Above: Sebastian Castellio
Image in the Public Domain
SEBASTIAN CASTELLIO (1515-DECEMBER 29, 1563)
Prophet of Religious Liberty
To kill a man is not to defend a doctrine, but to kill a man.
–Sebastian Castellio, quoted in Robert Ellsberg, All Saints: Daily Reflections on Saints, Prophets, and Witnesses for Our Time (New York, NY: The Crossroad Publishing Company, 1997), page 126
Certain officially recognized saints of the Reformation era trouble me. For example, I consult Anglican calendars and read about prominent churchmen who denied the existence of the right to dissent theologically. Some of these churchmen went so far as to order the execution of dissenters or at least to consent to these judicial killings. (It is not technically murder if it is legal.) And that is what I find within my faith tradition, now one so tolerant that some accuse it of having become too liberal. Better too liberal than likely to persecute dissenters, I say! I also ponder the Roman Catholic calendar of saints and find the names of similarly troubling people there. Overall, I have generally negative opinions of Thomas Cranmer, Martin Luther, John Calvin, Ulrich Zwingli, and the Popes at the time–all of whom cover much theological ground collectively. I have generally low opinions of them because they proceeded from the ubiquitous assumption that
error has no rights,
so they persecuted those who disagreed with them or consented to the persecution of those who held other beliefs. This did not glorify God.
I can, however, respect Sebastian Castellio without any reservations.
Castellio, born at Saint-Martin-du-Frene, France, in 1515, was a scholar and a man ahead of his time. He, educated at the University of Lyons, was a master of six languages: French, Italian, German, Latin, Greek, and Hebrew. In January 1540 our saint, then in his mid-twenties, witnesses the execution of three Lutherans as heretics at Lyons. This “act of faith” had such an effect on him that he left France for Switzerland and the Roman Catholic Church for the Reformed Church. In 1542 John Calvin, the theocrat of Geneva, appointed Castellio the Rector of the College of Geneva. The following year, during an outbreak of plague, our saint did what many clergymen refused to do–minister to the sick and the dying. Despite his lived piety, Castellio’s request for ordination met with rejection. Perhaps jealousy among clergymen he had embarrassed by ministering to victims of plague was among the reasons for this result. Officially Castellio was heterodox and too liberal. In layman’s terms, he rejected the doctrine of Double Predestination, which he considered abhorrent. Our saint had to leave Geneva. He moved to Basel, Switzerland. After years of grinding poverty Castellio finally became a professor of Greek in that city, where he spent the rest of his life.
In 1553, at Geneva, John Calvin ordered theologian Michael Servetus, who had denied the Holy Trinity, burned at the stake on the charge of heresy. The reformer and theocrat reasoned that one function of the magistrate was to defend true doctrine and therefore to glorify God. This execution troubled many, including Castellio. He expressed his objections in On Heretics: Whether They Should Be Punished by the Magistrate, which he published under a pseudonym. He argued that to kill a person in the name of God is a blasphemous act. A Christian’s first duty is to love his neighbor as he loves himself, our saint wrote; to execute heretics (alleged or actual) violates this principle. Furthermore, Castellio wrote, the competing sects of Christianity not only disagreed with each other, but each of them operated from the assumption that it was obeying the Word of God. Everyone was a heretic, according to others:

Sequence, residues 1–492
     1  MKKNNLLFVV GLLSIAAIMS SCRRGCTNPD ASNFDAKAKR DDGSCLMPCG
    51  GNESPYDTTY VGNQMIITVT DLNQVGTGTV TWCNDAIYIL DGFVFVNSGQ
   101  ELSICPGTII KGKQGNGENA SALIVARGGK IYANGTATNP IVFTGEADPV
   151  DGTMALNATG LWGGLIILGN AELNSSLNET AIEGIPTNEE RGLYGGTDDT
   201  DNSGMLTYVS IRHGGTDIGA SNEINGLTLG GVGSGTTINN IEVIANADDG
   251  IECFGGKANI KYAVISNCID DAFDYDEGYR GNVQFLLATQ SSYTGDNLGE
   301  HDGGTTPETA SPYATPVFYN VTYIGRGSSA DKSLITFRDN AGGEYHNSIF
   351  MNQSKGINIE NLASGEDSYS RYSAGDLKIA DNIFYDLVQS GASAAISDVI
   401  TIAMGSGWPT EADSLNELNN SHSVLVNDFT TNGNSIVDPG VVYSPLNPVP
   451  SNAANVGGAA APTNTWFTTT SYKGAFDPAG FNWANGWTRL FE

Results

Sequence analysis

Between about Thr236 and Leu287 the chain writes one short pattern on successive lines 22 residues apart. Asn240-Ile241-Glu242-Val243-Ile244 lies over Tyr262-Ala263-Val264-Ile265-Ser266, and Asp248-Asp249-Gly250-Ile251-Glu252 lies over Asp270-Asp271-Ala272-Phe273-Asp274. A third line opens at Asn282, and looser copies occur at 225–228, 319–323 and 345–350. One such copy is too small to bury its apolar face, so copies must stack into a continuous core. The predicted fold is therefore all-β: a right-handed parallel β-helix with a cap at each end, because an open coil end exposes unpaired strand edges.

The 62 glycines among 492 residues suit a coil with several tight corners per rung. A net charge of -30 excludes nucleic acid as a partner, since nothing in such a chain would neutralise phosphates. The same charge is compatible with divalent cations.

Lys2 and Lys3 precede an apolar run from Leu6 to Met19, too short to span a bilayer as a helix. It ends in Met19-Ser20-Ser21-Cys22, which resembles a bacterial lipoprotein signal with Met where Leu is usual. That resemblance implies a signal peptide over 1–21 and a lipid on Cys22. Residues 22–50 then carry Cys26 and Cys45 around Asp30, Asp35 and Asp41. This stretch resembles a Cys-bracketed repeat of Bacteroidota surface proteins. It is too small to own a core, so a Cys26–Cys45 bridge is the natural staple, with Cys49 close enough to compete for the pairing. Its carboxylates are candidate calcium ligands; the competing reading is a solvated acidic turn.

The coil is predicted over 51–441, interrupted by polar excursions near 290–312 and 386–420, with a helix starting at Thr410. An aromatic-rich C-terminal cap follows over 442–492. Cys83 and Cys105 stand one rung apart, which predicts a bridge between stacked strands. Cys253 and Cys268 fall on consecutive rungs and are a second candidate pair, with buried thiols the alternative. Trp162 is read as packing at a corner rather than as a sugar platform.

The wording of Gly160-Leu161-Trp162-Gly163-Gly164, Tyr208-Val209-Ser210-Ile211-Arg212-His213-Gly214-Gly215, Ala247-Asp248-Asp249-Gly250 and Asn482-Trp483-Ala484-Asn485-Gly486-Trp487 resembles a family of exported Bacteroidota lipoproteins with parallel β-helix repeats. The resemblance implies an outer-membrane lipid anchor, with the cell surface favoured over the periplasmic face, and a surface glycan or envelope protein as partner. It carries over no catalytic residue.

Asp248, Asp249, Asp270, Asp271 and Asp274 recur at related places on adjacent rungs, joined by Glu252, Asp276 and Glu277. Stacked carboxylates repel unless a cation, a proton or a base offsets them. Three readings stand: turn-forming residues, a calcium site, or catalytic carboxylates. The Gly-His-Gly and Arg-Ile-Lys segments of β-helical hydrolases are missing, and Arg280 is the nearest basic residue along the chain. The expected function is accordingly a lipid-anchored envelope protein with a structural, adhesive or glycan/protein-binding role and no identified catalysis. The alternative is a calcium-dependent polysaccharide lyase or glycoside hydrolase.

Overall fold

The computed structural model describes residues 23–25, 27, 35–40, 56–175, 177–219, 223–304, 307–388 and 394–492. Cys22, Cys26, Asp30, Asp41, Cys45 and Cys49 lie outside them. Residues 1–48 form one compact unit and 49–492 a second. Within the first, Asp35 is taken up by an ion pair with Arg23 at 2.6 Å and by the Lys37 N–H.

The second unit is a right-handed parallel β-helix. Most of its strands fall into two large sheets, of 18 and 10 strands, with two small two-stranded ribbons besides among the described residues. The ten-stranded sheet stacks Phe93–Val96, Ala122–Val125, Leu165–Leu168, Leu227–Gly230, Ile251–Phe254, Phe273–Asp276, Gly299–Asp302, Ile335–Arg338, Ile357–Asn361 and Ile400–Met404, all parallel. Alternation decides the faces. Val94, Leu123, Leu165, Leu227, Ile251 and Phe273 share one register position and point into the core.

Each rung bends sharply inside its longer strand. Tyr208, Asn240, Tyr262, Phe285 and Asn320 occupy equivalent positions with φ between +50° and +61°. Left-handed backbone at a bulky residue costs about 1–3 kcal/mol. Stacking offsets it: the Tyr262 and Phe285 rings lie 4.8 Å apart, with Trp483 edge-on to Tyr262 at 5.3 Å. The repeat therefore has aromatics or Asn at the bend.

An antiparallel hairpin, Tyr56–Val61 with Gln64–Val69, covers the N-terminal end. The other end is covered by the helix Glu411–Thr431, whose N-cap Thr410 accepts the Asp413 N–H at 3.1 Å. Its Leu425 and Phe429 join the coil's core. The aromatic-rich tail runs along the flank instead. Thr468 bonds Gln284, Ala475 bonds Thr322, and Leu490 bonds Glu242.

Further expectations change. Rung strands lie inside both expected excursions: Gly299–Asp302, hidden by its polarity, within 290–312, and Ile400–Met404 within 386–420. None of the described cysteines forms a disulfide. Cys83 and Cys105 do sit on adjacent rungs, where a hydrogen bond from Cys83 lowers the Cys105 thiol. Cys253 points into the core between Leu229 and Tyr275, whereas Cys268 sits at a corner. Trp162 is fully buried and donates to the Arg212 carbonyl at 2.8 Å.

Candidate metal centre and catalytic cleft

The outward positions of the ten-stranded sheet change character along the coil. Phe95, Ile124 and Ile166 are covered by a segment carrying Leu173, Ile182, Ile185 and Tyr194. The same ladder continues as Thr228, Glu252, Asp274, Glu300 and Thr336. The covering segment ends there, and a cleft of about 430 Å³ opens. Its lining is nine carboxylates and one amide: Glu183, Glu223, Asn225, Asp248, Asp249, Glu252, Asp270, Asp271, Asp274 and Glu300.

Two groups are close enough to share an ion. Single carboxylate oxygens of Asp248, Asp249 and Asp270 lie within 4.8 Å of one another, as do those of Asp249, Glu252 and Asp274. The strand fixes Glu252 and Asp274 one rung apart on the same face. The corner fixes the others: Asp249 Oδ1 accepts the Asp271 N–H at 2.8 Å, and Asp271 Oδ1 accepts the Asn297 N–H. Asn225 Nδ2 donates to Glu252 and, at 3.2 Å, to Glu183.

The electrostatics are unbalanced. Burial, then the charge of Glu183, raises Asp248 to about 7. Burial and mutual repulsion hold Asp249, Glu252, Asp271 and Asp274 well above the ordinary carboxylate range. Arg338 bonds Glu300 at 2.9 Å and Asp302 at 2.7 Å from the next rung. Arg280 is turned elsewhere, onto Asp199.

I can discover no more than this, that we regard those as heretics with whom we disagree.
–Quoted in Ellsberg, All Saints (1997), page 127
The pseudonym did not hide Castellio’s identity for long. When he died on December 29, 1563, legal proceedings against him were underway. The Religious Wars had begun. Many people would have lived longer had religious toleration been the rule. Furthermore, slaughtering people in the name of Jesus did not glorify God.
In this post I describe Castellio as a “Prophet of Religious Liberty.” In so doing I quote Robert Ellsberg, author of All Saints (1997). I understand that there is no such thing as absolute religious liberty, even in a pluralistic society with a (properly) secular state; we all must, for the common good, sacrifice some rights without trampling individual rights either. As long as one does not endanger public health and safety or the most basic civil rights and liberties in the name of religious liberty, I have no objection. Certainly the statement that one should not execute or incarcerate heretics (alleged or actual) should receive widespread support.
KENNETH RANDOLPH TAYLOR
JANUARY 21, 2017 COMMON ERA
THE FEAST OF SAINTS MIROCLES OF MILAN AND EPIPHANIUS OF PAVIA, ROMAN CATHOLIC BISHOPS
THE FEAST OF SAINTS ALBAN ROE AND THOMAS REYNOLDS, ROMAN CATHOLIC PRIESTS AND MARTYRS
THE FEAST OF SAINT GASPAR DEL BUFALO, FOUNDER OF THE MISSIONARIES OF THE PRECIOUS BLOOD
THE FEAST OF SAINT JOHN YI YON-ON, ROMAN CATHOLIC CATECHIST AND MARTYR IN KOREA
Almighty God, we praise you for your servant Sebastian Castellio,
through whom you have called the church to its tasks and renewed its life.
Raise up in our own day teachers and prophets inspired by your Spirit,
whose voices will give strength to your church and proclaim the reality of your reign,
through Jesus Christ, our Savior and Lord, who lives and reigns
with you and the Holy Spirit, one God, now and forever. Amen.
1 Corinthians 3:11-23
–Adapted from Evangelical Lutheran Worship (2006), page 60